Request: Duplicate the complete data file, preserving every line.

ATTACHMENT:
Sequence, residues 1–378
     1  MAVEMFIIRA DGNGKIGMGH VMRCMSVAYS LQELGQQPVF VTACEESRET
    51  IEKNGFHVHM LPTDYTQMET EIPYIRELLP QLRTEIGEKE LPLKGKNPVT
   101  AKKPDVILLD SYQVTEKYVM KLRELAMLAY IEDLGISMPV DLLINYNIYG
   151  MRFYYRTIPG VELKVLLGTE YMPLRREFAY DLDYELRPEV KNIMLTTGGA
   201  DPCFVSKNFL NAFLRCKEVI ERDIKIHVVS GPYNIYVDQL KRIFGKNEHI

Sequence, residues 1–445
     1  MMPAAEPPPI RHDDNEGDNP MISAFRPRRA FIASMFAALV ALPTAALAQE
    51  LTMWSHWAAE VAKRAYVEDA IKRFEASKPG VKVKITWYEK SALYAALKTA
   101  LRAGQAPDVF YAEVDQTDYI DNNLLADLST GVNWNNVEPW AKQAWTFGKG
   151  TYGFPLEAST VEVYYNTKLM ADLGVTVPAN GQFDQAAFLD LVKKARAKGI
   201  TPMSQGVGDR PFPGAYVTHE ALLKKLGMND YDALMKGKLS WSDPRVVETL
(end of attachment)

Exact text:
Sequence, residues 1–378
     1  MAVEMFIIRA DGNGKIGMGH VMRCMSVAYS LQELGQQPVF VTACEESRET
    51  IEKNGFHVHM LPTDYTQMET EIPYIRELLP QLRTEIGEKE LPLKGKNPVT
   101  AKKPDVILLD SYQVTEKYVM KLRELAMLAY IEDLGISMPV DLLINYNIYG
   151  MRFYYRTIPG VELKVLLGTE YMPLRREFAY DLDYELRPEV KNIMLTTGGA
   201  DPCFVSKNFL NAFLRCKEVI ERDIKIHVVS GPYNIYVDQL KRIFGKNEHI

Sequence, residues 1–445
     1  MMPAAEPPPI RHDDNEGDNP MISAFRPRRA FIASMFAALV ALPTAALAQE
    51  LTMWSHWAAE VAKRAYVEDA IKRFEASKPG VKVKITWYEK SALYAALKTA
   101  LRAGQAPDVF YAEVDQTDYI DNNLLADLST GVNWNNVEPW AKQAWTFGKG
   151  TYGFPLEAST VEVYYNTKLM ADLGVTVPAN GQFDQAAFLD LVKKARAKGI
   201  TPMSQGVGDR PFPGAYVTHE ALLKKLGMND YDALMKGKLS WSDPRVVETL